While the low-rise pants, going out tops, and spaghetti strap tanks now scream quintessential ‘00s, according to Stewart, in addition to pulling elements from ‘60s and ‘70s fashion, she also looked at the ‘80s and other eras. The result? Looks ranging from barely there tops with fringe and oversized belt buckles to snakeskin pants, flared bottoms, and T-shirts with “Oklahoma” and “USA” emblazoned on them. “We used a lot of Western-themed Frye boots, cowboy boots, cowboy belts. A lot of times, I used some classic looks — Americana, little T-shirts; it was all about a ripped T-shirt for some of the characters — and rhinestones,” she says. “The idea was to have fun and play and have the girls each exhibit their own unique characters up on the bar and also be able to function, like, during a wet T-shirt contest, which could have happened at any point because people were throwing drinks and things like that.”
For Violet’s first day on the job, Maria Bello’s Lil tears the sleeves and midriff of Violet’s “USA” shirt off in one of the film’s most iconic fashion moments that also set the scene for Violet’s soon-to-come fashion transformation. “I felt like she’s kind of that all-American girl,” Stewart says of choosing the style, adding that they used a “breakaway,” a process of hand-stitching all parts of an item lightly so that it can easily be torn in an aesthetically-pleasing manner, to achieve the look. “It’s like pulling away the character that came from New Jersey, and pulling her into the New York kind of girl, metaphorically speaking.”
For the other bartenders — who, as Cammie puts it in the film, “all play our little parts” when referring to the personas they portray while working at Coyote Ugly — Stewart says she “tried to take certain keynotes from each person, and find out what their characters were really trying to say.” Stewart outfitted Rachel (Bridget Moynahan), the toughest of the group with a habit of cutting off a customer’s tie or ponytail, in ‘70s-esque leather pants and halter tanks, which she styled with edgy accessories like ear cuffs and thick chokers.
For Zoe (Tyra Banks), the bartender-turned-law student whom Violet replaces, Stewart pulled a color palette of turquoise and deep brown. Cammie’s look is in direct contrast to the two: She wears cutesy sheer shirts with feathers, pink leopard pants, mini skirts, and bedazzled jeans. “Her character is very flirty, someone who wears kitten heels with marabou on them,” Stewart says.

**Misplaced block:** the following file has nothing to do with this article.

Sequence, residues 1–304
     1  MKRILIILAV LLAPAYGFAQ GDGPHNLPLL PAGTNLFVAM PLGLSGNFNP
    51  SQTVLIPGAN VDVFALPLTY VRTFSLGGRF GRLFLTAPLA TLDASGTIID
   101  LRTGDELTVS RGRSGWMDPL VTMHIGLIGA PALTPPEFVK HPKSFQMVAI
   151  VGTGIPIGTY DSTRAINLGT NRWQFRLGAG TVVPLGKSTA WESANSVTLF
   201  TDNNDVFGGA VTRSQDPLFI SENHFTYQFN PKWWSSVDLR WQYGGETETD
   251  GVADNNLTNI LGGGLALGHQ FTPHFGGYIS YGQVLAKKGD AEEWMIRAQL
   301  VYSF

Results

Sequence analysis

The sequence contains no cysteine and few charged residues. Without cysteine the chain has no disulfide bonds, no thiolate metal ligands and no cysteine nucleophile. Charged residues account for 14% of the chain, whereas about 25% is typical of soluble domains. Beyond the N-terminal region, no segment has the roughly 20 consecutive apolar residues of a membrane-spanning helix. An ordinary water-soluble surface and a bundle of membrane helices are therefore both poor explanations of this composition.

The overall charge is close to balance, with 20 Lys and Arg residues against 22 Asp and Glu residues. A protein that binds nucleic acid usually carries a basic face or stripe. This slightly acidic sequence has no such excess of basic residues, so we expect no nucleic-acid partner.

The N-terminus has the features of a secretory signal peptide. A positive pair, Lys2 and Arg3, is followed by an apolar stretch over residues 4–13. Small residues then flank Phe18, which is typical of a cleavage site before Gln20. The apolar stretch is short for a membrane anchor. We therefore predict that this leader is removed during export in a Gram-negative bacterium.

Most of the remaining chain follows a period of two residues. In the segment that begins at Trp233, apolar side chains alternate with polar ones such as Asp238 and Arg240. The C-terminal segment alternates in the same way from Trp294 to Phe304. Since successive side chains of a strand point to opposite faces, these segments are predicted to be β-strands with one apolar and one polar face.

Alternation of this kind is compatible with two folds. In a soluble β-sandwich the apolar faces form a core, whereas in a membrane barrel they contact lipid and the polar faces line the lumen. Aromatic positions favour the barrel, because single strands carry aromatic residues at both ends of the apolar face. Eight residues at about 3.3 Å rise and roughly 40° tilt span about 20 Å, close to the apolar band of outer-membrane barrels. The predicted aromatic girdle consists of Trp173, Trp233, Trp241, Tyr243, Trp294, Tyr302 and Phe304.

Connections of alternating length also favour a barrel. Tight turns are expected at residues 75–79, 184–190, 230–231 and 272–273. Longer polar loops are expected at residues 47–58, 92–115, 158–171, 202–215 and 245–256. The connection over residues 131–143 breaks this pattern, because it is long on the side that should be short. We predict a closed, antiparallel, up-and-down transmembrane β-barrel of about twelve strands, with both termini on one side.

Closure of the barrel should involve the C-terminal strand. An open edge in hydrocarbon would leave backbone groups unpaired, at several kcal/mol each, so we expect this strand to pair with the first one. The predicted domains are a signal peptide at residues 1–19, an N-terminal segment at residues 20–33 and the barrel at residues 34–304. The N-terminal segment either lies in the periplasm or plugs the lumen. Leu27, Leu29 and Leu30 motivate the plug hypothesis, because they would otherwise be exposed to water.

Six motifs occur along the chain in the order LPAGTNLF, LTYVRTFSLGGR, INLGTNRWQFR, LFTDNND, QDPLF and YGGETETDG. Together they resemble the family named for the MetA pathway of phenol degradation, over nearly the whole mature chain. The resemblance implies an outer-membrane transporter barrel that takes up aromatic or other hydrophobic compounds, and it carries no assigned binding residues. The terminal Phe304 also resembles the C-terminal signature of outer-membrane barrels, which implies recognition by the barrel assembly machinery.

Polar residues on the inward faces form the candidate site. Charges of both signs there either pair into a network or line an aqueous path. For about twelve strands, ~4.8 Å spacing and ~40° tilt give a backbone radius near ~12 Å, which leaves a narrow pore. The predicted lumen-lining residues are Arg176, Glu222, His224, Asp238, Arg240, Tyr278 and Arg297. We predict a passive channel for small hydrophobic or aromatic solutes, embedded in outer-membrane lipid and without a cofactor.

Meanwhile, Lil, the owner of the bar, wears vests as shirts and utilitarian boots. For her look, Stewart says she pulled some “biker chick” elements of Hogs and Heifers, the Meatpacking District bar that Coyote Ugly is based on. “Her character is much more androgynous,” she says. “She is the woman that’s in charge of the bar, she rules the roost.”
As for Violet, leopard prints and the color red, sometimes even worn together, become prominent features of her Coyote Ugly wardrobe — two “classics” which, according to Stewart, Violet would have been drawn to, given her penchant for timeless styles, but that could still land a punch on stage. “They kind of reflected her strength and really made a statement,” she says. “Red is a very powerful, strong color for any character, and it catches your attention. And leopard is always about having fun — you can’t take it seriously, it’s very tongue-in-cheek. But also, she wears skirts, so it’s still all feminine and soft.” Even when she does indulge in the low-rise pants trend like the rest of the girls, she opts for more classic styles in muted colors like black and leather in the form of a trench coat.
In her final performance, during which she notably sings alongside LeAnn Rimes, Violet wears a look that’s a culmination of her personal style and stage persona: a dainty gold top and snakeskin pants — neither of which would look out of place on today’s runways.
“In many ways, as we know, fashion kind of recycles,” Stewart says. “Everybody takes something, whether it’s from last year or 10 years ago or 20 years ago… and builds on it and transforms it and uses it to kind of move to the next place.”
That said, 20 years later, with fashion this good, it’s no surprise that the styles of Coyote Ugly remain just as covetable.